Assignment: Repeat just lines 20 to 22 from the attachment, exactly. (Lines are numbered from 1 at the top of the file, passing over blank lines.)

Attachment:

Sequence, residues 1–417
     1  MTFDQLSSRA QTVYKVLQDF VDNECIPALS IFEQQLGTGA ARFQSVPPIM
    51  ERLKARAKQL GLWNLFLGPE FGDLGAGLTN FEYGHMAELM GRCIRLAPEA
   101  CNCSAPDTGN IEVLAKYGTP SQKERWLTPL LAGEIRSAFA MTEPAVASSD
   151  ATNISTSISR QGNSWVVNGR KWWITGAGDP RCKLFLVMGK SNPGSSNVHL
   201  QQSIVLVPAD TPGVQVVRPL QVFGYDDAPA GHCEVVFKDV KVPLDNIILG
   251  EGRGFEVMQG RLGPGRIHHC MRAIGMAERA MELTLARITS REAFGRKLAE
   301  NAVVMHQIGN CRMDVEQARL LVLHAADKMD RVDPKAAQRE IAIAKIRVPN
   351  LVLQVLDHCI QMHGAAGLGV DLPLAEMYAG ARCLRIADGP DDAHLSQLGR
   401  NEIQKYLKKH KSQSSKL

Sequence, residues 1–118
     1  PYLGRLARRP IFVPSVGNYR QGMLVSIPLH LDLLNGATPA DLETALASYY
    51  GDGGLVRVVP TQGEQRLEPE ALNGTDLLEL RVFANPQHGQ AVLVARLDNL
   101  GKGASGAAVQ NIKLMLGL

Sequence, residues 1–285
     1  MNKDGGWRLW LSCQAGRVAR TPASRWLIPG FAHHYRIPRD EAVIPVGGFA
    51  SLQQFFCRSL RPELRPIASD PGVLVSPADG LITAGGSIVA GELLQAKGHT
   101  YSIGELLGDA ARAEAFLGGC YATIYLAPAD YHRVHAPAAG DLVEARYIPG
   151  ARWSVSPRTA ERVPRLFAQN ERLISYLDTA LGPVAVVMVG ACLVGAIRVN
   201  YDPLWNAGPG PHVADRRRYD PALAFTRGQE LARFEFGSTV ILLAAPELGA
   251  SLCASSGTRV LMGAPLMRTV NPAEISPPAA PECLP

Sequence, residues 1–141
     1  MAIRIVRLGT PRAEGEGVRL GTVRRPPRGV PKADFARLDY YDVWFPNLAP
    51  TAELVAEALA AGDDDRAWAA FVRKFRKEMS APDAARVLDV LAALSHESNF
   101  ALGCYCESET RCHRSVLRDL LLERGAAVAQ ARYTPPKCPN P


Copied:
   201  YDPLWNAGPG PHVADRRRYD PALAFTRGQE LARFEFGSTV ILLAAPELGA
   251  SLCASSGTRV LMGAPLMRTV NPAEISPPAA PECLP

Sequence, residues 1–141